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Motor Vehicle Burn Safety


People traveling in motor vehicles need to be aware of the hidden dangers of heat-related injuries, especially for children and seniors, on high temperature days. These dangers can surface even after short periods of time spent in a hot vehicle.

When outside temperatures reach 93 degrees Fahrenheit (34 degrees Celsius), within 20 minutes, the temperature in a vehicle without air conditioning can reach 125 degrees Fahrenheit (52 degrees Celsius), even with the window cracked, and approximately 140 degrees Fahrenheit (60 degrees Celsius) within 40 minutes.

Do not allow children to play in vehicle trunks in hot weather. Heat stroke may result and could lead to permanent disability or death in a matter of minutes.

As the temperature rises, remember these safety guidelines:

  • Never leave a child in a vehicle with the windows closed in hot weather.
  • Teach children not to play in, on, or around vehicles.
  • Pay particular attention to children when loading and unloading vehicles to be sure they have not entered the car or trunk.
  • When traveling, always make sure all passengers have exited the vehicle once you reach your destination. Do not overlook a sleeping passenger.
  • Avoid hot surfaces in your vehicle. (e.g. safety belt buckle and latch plates, vinyl or leather seats, child passenger seats, dashboards and sides of the vehicle), which can cause contact burns.
  • Use window shades in the front and rear windows. Place a light covering or shading over seats to reduce heat build up in the vehicle.
  • Before entering, run the air conditioner to help cool off the vehicle.
  • Keep the vehicle doors and trunk locked at all times, especially when parked in the garage or driveway or near houses. Children may become trapped while playing inside the passenger compartment or trunk of a car.
  • Close and lock if possible any rear seats that fold down for trunk access to prevent children from entering the trunk from inside the vehicle.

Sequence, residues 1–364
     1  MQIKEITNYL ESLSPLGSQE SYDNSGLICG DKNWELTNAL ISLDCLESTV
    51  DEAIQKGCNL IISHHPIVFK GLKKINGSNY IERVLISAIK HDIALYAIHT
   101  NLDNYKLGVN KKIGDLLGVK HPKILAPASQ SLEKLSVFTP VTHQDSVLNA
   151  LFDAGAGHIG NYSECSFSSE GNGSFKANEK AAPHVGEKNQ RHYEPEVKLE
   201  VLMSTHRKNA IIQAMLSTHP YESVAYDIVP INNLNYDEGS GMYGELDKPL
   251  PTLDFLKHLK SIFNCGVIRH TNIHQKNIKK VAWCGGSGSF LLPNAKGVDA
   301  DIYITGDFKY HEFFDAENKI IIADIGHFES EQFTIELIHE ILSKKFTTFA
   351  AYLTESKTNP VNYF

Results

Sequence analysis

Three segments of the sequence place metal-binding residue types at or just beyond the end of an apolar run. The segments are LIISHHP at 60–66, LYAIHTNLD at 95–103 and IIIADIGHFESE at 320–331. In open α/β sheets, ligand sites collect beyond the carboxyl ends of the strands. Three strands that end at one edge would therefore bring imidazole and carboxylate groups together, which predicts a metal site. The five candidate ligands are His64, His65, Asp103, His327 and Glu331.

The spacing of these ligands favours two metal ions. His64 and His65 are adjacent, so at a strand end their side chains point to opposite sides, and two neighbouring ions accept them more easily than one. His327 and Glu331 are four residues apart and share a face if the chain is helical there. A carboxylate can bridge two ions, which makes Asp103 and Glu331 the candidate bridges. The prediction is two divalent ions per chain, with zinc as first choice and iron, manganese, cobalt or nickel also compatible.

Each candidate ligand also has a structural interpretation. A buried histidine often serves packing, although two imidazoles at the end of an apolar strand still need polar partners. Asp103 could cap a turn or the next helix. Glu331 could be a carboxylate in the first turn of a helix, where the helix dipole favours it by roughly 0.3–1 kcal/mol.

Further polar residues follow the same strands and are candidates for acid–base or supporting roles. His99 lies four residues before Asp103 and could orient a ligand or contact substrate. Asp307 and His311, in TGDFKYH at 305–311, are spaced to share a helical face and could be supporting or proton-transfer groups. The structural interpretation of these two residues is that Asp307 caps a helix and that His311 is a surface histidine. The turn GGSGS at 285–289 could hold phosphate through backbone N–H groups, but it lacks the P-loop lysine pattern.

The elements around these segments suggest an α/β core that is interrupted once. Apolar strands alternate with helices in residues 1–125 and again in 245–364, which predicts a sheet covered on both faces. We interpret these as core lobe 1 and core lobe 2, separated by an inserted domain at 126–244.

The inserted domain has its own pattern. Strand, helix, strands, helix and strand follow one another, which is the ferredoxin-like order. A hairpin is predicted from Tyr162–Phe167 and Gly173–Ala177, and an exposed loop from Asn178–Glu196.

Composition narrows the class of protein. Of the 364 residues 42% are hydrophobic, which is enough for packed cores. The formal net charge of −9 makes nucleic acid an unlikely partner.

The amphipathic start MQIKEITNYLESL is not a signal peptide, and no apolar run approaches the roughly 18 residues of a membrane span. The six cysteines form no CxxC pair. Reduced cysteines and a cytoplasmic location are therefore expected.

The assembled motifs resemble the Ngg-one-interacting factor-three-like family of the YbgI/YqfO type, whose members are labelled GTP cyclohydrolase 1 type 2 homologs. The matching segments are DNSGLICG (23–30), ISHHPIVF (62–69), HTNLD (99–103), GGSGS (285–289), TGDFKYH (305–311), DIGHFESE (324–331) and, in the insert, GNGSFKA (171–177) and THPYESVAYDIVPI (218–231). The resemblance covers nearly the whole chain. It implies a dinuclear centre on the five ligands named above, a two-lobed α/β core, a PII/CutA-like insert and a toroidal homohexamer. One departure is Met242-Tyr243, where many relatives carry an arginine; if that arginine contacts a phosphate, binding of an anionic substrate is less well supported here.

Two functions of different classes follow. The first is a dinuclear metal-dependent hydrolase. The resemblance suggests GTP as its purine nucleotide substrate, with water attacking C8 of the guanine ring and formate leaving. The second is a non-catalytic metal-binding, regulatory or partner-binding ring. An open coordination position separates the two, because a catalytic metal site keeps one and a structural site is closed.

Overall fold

• Be aware of child resistant locks and teach older children how to work the driver's door locks if they should become locked unintentionally in the vehicle.
  • Contact your local automobile dealership about getting a trunk release retrofitted in the trunk of your vehicle.

First Aid for heat-related vehicle injuries

  • Remove the person from the vehicle.
  • Place the person in a cool environment.
  • Call 9-1-1 or your local emergency number.
  • Reassure the patient and keep him or her calm. (You must remain calm also.)
  • Treat contact burns as described in the Emergency Care for Burns Section of this kit.

Radiator Burns
A construction zone or accident may make you stop and wait, which can overheat your vehicle. When a vehicle is running and the radiator is functioning properly, the temperature of the fluid is normally between 195 degrees Fahrenheit (90 degrees Celsius) and 220 degrees Fahrenheit (103 degrees Celsius), which is hot enough to cause serious scald burns in less than one second. When the radiator overheats, the temperature of the fluid increases drastically and pressure builds. When the cap is removed, the liquid boils or even explodes out, potentially causing serious burn injuries. Common injury sites, primarily to adult males, are to the hands, face, arms and chest. In addition to scalds, radiator fluid contains antifreeze that may cause chemical burns.

Follow these safety guidelines:

  • Before any long trip, have your vehicle serviced.
  • Map out alternative routes in case of heavy construction to minimize the risk of your car overheating.
  • Never open a hot radiator cap! Allow the radiator to cool first.
  • Never look into or lean over the radiator opening.
  • Carry a first aid kit in your vehicle.

First Aid:

  • Put out any flames.
  • Remove all wet clothing.
  • Flush eyes and affected areas with cool water for at least 20 minutes.
  • Cover with clean dry dressing.
Seek medical attention.


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